STRANGE as it may sound, research projects aimed at saving small populations of endangered species may have actually helped sign their death sentences. This possibility is being seriously examined by

Conserving the Malabar civet is good economics

THE JUNGLES of Vietnam hide a hitherto undescribed mammal. Basing their claim on remains such as skins, skulls and teeth recovered from local hunters, zoologists reckon an adult specimen of the

"MARBLE, no; water, yes," shouted demonstrators at a recent rally in Kathmandu, demanding an immediate end to quarrying in the Godavari hills of the picturesque valley in which the capital

Conservationists in Kerala want to ban an arrack shop located in the heart of the Chinnar wildlife sanctuary because it endangers the grizzled giant squirrel (Ratufa macroura dandolena). The Idukki

Badly planned strategies, along with other reasons, have resulted in a failure to conserve the habitats of wild animals. An example: fewer numbers of a rare migratory bird are now visiting the Keoladeo National Park.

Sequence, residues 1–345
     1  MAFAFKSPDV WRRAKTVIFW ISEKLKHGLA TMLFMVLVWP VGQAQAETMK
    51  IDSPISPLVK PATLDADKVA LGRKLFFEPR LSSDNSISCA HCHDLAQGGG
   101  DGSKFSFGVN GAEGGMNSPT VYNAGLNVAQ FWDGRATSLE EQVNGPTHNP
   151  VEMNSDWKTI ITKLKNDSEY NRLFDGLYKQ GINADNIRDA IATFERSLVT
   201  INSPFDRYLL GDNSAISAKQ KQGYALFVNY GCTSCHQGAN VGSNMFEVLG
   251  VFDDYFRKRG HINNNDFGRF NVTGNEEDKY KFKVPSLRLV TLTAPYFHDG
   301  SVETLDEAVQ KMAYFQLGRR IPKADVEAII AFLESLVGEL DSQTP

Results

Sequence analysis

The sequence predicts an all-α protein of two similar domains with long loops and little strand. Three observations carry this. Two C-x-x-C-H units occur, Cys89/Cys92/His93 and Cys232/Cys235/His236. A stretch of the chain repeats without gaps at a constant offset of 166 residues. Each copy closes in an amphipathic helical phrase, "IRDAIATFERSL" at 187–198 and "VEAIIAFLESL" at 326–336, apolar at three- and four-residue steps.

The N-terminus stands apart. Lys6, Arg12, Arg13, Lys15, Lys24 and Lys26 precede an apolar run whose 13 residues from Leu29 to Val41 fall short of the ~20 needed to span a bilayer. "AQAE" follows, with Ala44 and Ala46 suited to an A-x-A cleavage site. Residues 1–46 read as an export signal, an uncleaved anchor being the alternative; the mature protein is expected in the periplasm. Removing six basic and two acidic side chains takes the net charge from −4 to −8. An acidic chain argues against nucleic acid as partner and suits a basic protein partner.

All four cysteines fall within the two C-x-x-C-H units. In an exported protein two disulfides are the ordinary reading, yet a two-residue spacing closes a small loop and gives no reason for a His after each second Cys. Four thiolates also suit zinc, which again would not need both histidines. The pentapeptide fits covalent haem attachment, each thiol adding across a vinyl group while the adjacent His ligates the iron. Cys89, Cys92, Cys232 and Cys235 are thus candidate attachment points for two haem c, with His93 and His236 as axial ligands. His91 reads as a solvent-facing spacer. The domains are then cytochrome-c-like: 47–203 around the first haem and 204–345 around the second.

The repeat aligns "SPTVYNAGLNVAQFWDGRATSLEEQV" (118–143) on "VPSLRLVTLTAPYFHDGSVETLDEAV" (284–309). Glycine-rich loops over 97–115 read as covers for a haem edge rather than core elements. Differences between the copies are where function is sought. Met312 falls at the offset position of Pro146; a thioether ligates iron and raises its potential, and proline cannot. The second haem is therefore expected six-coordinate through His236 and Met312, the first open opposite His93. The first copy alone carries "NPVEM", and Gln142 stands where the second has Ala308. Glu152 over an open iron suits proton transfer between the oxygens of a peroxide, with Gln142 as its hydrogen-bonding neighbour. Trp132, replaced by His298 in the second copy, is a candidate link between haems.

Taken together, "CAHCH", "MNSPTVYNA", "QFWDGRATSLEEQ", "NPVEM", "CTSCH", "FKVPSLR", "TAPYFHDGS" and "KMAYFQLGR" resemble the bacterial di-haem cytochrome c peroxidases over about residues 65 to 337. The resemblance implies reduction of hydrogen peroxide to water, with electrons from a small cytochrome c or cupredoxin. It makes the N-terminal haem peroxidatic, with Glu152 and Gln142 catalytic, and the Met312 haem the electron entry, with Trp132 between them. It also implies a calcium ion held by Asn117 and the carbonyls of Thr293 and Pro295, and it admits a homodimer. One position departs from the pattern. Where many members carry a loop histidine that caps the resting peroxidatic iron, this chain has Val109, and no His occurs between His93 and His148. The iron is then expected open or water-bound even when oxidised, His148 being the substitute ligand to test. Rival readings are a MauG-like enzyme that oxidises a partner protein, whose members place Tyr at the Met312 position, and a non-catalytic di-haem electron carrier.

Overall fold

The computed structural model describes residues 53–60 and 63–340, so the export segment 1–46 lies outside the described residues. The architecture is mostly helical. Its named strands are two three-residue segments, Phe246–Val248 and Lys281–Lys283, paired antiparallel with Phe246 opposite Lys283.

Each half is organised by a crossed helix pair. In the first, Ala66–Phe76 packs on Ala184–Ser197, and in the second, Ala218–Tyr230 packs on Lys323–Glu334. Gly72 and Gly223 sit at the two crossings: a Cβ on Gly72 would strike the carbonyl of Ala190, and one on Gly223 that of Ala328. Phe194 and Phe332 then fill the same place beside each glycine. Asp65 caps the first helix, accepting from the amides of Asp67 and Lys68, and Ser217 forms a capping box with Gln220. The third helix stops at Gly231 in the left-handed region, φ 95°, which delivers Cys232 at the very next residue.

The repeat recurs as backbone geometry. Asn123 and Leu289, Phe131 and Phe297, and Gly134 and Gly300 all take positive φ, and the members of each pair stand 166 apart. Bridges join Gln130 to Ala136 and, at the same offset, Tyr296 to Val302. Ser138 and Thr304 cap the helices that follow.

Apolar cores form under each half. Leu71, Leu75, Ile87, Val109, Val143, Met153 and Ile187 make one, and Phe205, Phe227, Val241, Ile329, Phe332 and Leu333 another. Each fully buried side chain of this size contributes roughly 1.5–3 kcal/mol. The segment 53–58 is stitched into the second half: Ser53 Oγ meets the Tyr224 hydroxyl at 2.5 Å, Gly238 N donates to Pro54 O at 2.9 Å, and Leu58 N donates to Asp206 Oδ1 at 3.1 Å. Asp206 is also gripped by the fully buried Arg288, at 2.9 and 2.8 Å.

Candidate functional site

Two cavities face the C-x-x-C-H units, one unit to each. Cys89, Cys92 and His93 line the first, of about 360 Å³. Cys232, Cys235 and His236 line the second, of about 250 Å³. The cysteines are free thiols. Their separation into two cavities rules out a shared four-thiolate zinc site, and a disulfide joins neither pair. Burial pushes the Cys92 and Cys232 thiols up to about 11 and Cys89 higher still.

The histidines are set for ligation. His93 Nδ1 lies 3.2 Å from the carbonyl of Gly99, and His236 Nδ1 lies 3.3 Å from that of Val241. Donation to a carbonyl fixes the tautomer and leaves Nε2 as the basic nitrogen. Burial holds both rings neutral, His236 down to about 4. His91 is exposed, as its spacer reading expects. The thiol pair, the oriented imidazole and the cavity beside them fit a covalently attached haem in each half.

Scientists warn a rise in temperature will reduce the habitable area in North America's mountains and cause a reduction in the number of mammal species.

A Pakistani court will decide whether commercial fishing can be allowed on a protected lake that is also the haunt of migratory birds.

A survey reveals a drastic fall in Garhwal Himalayan crop diversity. Compounding the seriousness of the situation is the lack of scientific interest in the loss

For many southern groups, the greater cause at Rio was to align with their governments against the West's "green imperialism"